This I Believe

Kevin - Nashville, Tennessee
Entered on December 11, 2007
Age Group: 18 - 30
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I believe in “hello.” The extraordinary power of that simple word of welcome is something that continues to amaze me long after it has left my lips or entered my ears.

The power of this greeting comes not from the person who speaks it or the word itself. Instead, its power is derived from the feelings it evokes; the feeling of welcome, of acceptance, of love.

As a typical teenager, all these feelings were things I lacked as I boarded a plane with 41 of my classmates to a far off city I did not know, or care to know. However, when I got off another plane in another city, I felt as if things had changed, as if I had changed, as if my world had changed. It all started with a simple invitation, “come sit with us,” and ended with a heated game of cards and conversation. What happened in between this beginning and end is irrelevant; it is the beginning which holds the power and focus of my story.

I was the only person from my High School going on that trip; a lonely, and at the time, devastating occurrence. Of course, I knew some people who were going on the trip; however, I wouldn’t have called them friends, to me they were more like acquaintances. I boarded the plane, contemplating my few seating options. I walked down the aisle looking for an open seat next to someone I knew. I must have had a look of despair on my face because one of the other kids on the trip looked at me and asked if I wanted to sit with him and his friends. Of course, I jumped at the opportunity of getting to know some people on the trip, besides they were the kids I regarded as “cool.” I would have to be stupid to refuse a request like that. Over the course of the next several hours I became quick friends with that group, and the following week abroad only seemed to strengthen that friendship.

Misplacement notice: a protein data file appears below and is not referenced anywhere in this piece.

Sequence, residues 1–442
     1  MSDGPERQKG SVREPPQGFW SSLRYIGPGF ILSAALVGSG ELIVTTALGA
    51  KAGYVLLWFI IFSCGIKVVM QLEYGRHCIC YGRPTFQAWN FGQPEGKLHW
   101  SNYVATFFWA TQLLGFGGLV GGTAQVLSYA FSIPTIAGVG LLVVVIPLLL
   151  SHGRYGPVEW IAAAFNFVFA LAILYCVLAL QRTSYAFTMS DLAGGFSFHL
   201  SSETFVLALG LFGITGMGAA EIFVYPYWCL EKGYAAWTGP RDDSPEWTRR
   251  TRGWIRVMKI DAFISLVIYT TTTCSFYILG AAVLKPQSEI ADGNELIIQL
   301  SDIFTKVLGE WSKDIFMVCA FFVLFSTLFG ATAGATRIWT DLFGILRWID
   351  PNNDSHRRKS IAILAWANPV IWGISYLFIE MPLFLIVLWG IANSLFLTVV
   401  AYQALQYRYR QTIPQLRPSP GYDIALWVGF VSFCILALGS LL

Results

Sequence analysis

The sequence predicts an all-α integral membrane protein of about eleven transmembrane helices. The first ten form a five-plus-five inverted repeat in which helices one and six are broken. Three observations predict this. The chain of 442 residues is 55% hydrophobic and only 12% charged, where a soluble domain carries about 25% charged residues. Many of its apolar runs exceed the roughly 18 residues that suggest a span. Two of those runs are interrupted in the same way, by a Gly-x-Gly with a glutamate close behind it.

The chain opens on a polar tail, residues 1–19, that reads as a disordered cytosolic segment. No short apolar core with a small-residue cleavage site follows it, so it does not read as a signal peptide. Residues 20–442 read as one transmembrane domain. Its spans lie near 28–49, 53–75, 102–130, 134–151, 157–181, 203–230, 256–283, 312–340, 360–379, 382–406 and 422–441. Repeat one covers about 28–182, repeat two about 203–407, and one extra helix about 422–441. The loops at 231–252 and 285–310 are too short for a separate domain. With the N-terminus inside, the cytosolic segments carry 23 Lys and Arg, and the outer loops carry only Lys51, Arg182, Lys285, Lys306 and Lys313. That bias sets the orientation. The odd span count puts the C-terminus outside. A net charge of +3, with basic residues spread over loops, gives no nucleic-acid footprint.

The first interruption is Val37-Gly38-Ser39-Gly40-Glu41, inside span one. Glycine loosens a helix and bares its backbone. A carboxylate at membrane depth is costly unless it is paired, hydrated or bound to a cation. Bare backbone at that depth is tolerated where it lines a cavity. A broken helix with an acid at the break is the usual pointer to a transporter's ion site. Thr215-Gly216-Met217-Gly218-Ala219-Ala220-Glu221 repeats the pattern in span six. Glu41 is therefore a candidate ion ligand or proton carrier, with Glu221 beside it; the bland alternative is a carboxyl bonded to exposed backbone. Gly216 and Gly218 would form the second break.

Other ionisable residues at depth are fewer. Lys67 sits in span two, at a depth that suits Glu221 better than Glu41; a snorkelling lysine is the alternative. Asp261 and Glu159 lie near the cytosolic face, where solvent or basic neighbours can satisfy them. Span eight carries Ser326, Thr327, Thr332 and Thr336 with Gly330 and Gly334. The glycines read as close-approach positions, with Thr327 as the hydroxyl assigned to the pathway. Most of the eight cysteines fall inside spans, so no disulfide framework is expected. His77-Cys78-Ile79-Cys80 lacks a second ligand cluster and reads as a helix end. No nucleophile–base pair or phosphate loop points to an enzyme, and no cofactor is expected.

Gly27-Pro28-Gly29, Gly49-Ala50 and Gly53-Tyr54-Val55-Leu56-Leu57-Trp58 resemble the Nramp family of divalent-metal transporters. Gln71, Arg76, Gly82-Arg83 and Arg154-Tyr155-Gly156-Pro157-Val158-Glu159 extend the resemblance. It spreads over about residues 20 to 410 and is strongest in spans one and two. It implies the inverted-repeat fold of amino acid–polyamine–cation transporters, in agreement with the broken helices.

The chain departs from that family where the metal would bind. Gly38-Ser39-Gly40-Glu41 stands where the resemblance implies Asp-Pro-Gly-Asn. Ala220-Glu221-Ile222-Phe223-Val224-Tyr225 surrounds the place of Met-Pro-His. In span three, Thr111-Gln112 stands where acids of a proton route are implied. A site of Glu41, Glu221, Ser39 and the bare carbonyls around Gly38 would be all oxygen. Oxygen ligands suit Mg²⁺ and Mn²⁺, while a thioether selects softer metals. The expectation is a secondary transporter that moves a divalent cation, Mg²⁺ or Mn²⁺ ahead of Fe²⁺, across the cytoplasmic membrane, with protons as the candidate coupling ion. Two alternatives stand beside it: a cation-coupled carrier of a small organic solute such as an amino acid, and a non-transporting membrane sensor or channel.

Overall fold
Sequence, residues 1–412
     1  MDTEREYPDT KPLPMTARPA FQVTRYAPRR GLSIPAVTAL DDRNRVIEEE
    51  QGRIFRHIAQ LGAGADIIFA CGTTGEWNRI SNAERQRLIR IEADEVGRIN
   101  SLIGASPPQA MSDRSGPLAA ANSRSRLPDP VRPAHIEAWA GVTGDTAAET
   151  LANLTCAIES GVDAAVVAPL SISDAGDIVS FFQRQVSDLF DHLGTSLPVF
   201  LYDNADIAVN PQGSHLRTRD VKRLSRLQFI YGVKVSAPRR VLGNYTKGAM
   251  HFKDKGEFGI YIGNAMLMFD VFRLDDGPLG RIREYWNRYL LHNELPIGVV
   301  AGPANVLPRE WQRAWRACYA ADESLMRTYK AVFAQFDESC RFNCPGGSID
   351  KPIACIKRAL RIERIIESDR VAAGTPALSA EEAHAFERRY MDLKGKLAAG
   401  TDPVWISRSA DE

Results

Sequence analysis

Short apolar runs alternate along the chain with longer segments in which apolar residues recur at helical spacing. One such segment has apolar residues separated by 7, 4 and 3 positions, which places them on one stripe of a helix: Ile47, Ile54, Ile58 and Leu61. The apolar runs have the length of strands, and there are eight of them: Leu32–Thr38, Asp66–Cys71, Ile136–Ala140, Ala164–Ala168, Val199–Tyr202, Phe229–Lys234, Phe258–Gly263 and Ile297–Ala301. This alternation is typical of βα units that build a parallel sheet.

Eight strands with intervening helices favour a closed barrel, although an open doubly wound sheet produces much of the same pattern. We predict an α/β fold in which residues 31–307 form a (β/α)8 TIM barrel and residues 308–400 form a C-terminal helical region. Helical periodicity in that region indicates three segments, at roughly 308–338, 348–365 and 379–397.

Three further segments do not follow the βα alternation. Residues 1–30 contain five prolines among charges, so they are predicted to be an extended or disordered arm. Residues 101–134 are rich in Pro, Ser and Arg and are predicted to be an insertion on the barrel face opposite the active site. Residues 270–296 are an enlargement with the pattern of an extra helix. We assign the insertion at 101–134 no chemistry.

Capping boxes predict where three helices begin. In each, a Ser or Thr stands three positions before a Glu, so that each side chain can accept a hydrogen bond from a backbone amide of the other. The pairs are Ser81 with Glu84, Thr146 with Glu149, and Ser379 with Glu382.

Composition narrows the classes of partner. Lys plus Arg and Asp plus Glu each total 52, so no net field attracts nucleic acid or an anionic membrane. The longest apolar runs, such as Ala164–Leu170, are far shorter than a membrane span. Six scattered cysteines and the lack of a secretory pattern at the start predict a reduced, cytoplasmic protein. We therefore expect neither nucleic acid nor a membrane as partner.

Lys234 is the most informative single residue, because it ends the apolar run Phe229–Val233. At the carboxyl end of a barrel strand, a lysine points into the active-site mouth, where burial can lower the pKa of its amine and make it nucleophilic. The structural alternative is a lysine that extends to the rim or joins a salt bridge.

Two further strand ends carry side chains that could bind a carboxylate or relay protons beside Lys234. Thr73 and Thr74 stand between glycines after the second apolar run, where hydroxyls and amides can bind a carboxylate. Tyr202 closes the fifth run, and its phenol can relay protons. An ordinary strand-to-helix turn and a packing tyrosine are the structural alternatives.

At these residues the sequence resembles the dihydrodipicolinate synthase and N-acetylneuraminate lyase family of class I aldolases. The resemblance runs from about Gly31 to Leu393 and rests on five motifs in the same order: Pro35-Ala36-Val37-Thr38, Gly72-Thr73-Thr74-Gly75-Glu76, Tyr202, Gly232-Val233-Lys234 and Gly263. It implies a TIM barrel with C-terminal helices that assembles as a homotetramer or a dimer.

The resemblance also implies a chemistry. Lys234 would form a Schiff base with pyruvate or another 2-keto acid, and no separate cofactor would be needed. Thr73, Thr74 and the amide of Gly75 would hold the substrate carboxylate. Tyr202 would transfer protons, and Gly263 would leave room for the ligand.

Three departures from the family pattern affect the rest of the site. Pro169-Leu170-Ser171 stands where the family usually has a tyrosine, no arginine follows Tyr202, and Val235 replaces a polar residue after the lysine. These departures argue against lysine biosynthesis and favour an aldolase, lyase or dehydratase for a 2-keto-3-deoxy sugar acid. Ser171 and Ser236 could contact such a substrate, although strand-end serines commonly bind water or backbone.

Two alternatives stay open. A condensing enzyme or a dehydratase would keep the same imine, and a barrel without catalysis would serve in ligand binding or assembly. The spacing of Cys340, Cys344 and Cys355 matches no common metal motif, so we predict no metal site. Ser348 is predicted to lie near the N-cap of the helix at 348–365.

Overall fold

All of this took place over one year ago, and now I somehow find myself in the position of welcoming others; telling them “hello,” and asking them if they would like to sit with us. It’s strange how things like that have a way of coming full circle.

Having been on the both sides of the equation, I realize now how hard it is to ask the new kid to sit with you at lunch, or to ask him to hang out with your friends after school, but I also understand the vast impact a simple “hello” can have on a life. No longer do I consider those people I met on the plane merely acquaintances, but instead they are friends, and it’s all because of the simple word “hello.”